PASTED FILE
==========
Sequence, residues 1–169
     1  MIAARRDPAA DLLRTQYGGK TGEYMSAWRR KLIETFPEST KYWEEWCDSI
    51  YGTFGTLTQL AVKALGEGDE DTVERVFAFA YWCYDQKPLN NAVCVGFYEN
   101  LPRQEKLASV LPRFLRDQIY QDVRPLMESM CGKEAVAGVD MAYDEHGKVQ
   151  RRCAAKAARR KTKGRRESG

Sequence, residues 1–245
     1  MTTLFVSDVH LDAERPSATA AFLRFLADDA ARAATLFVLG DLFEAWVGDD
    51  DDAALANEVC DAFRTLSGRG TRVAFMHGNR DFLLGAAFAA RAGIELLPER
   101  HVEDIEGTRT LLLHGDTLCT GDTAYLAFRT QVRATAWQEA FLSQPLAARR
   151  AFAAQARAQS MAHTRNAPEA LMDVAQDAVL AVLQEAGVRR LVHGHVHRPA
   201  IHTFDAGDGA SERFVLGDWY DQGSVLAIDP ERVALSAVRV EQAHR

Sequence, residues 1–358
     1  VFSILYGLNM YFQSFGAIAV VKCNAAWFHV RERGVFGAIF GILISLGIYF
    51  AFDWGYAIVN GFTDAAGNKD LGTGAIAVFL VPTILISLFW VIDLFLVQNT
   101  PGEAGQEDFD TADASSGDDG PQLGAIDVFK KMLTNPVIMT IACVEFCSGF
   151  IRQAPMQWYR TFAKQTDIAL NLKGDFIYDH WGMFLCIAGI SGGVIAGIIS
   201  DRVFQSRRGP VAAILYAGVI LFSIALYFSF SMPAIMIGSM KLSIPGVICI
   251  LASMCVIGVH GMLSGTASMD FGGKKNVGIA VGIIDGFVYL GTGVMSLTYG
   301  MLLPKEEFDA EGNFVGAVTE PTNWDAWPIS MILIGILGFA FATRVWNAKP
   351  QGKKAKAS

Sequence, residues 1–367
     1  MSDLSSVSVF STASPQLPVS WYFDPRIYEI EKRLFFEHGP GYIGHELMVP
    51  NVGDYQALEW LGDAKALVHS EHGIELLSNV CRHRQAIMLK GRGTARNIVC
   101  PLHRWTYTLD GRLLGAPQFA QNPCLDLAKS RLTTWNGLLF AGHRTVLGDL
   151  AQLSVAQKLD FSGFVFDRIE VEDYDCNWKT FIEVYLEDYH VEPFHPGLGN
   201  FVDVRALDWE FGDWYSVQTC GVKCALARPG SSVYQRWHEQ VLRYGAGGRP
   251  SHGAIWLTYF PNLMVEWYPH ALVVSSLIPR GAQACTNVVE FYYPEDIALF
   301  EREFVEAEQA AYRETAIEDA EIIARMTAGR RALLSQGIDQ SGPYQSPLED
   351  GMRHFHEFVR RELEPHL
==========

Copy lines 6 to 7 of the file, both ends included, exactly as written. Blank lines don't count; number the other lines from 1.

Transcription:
Sequence, residues 1–245
     1  MTTLFVSDVH LDAERPSATA AFLRFLADDA ARAATLFVLG DLFEAWVGDD